So you’ve found the perfect advisor…wonderful! Before we shake hands and agree on terms, let’s prepare the right documents and decide on the best equity percentage for the relationship. We know…lawyers ruining the fun, yet again! You will thank us later.
Many early-stage to growth-stage startups exchange equity for consulting, advising, or mentoring services. Good advisors can make an immense difference in your startup’s success by providing you with strategy, industry connections, networking opportunities, and help on key issues you might face. These relationships are important, but should be thoughtfully developed and contracted for. A consultant or advisor relationship should be documented with:
- Consulting Agreement;
- This agreement outlines the terms of service for the relationship.
- Restricted Stock Purchase Agreement;
- This agreement outlines how much stock, the vesting schedule, and any restrictions.
- Board Consent; and
- This document expresses the Board of Director’s consent to provide equity to the advisor/mentor. This formality is important to legally record the board’s approval.
- Stock Certificate
- This is a physical piece of paper represents the stockholder’s equity ownership.
What to include?
The relevant documents should include similar defined terms and topics as those that arise for founders and when hiring employees. It is critical to specify the term for services; obtain IP Assignment and Confidentiality terms so that the Company is not susceptible to IP claims; provide termination conditions so that an ineffective consultant or advisor can be removed with ease, and; to clearly define payment terms and a vesting schedule for equity.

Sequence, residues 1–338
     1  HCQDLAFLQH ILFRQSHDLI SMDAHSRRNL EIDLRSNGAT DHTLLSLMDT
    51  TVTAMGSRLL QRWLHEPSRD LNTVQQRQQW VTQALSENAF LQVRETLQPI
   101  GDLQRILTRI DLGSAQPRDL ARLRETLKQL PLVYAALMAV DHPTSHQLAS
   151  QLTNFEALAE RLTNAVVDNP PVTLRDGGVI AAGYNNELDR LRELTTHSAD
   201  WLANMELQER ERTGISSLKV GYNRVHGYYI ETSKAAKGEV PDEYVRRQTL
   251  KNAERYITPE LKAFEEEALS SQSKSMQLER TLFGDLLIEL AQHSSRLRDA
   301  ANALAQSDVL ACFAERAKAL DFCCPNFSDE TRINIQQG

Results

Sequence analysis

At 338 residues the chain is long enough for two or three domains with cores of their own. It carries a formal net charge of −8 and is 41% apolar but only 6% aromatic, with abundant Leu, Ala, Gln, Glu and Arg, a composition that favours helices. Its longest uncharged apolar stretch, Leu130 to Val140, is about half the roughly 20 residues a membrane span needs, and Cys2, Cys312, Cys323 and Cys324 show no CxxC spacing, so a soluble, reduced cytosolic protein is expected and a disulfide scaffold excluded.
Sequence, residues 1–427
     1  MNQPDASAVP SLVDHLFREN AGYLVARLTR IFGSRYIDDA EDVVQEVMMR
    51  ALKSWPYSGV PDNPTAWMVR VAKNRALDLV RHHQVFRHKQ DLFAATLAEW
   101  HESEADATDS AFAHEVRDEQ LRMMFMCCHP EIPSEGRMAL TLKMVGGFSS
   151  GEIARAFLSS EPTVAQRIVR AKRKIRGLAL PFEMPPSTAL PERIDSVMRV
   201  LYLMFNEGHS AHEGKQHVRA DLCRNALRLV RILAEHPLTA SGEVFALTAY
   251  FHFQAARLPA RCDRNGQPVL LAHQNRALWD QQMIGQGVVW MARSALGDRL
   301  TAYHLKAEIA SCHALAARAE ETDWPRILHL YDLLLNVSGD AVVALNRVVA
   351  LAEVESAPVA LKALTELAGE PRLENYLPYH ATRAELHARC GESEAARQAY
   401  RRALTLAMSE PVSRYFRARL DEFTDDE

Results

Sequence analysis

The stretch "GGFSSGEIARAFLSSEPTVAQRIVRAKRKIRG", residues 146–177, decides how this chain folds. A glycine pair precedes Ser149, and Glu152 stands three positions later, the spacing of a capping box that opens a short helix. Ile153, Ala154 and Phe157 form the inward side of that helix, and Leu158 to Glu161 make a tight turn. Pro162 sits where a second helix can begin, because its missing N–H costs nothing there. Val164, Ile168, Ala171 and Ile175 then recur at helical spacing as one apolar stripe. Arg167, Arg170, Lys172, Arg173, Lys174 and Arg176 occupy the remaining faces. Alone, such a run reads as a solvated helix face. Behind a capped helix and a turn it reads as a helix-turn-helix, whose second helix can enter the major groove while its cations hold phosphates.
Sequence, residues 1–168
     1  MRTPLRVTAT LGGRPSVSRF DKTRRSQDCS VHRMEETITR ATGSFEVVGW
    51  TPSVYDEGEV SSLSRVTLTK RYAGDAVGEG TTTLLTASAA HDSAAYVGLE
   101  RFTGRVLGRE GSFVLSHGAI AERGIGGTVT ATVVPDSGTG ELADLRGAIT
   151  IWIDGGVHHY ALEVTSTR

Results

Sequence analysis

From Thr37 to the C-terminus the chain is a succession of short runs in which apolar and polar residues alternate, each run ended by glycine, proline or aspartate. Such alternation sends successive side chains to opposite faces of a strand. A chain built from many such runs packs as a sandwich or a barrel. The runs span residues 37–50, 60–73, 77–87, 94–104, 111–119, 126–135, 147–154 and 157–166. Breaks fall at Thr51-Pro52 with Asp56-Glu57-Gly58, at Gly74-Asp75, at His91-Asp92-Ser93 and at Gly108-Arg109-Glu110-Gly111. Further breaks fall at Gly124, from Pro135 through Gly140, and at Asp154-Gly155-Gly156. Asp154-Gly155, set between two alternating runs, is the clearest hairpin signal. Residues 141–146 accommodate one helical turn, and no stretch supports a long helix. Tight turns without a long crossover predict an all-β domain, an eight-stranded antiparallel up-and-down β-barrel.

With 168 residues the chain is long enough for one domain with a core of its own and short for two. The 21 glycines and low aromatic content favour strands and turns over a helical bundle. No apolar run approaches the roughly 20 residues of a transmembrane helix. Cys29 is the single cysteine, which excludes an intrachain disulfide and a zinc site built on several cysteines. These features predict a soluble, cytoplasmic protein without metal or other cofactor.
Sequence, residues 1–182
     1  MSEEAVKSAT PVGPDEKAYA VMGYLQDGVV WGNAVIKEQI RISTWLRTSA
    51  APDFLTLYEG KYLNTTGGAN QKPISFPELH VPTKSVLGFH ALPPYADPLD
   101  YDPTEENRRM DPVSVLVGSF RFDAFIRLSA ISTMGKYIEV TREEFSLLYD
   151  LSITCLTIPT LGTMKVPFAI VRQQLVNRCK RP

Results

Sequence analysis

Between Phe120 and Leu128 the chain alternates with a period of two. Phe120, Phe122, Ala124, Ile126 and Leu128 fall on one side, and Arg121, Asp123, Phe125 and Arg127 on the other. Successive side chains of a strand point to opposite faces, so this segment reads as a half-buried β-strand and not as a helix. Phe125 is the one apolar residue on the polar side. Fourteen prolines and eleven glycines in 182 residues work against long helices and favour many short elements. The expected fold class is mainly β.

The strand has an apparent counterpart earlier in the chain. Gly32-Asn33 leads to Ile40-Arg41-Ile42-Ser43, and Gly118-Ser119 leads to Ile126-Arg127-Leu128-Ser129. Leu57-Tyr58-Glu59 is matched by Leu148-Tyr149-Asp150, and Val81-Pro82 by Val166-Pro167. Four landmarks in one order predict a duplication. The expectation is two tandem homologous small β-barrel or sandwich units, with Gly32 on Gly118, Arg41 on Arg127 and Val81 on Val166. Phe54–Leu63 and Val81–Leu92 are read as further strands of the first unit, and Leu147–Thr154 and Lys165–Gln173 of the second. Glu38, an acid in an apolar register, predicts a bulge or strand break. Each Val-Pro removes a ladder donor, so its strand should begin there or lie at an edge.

As to the size of the equity grant and vesting of the consultant’s grant, it really depends on how you view the relationship and how much time and effort the individual is contributing. In terms of market percentages, Brad Feld – in his book Startup Boards – recommends a grant to outside advisors in the range of .25 to 1 percent of the company that vests from two to four years. Also, see Mr. Feld’s post that 1% for an advisor is rich. Certainly there are super advisors that could justify a higher grant, but that’s the exception to the rule.
The Founder’s Institute recommends making advisory grants based on the stage of the company and the type of advisor. The below matrix provides a good rule of thumb for determining equity by the stage of your startup lifecycle:
Because every relationship is situational, there is no exact science or formula to decide equity percentage. Ultimately, the amount of equity comes down to a business negotiation. The considerations for vesting and the 83(b)election apply for advisors and consultants.
Overall, to gain value from an advisory relationship, your startup should prepare the above documents and determine a reasonable equity stake to offer the advisor in exchange for services.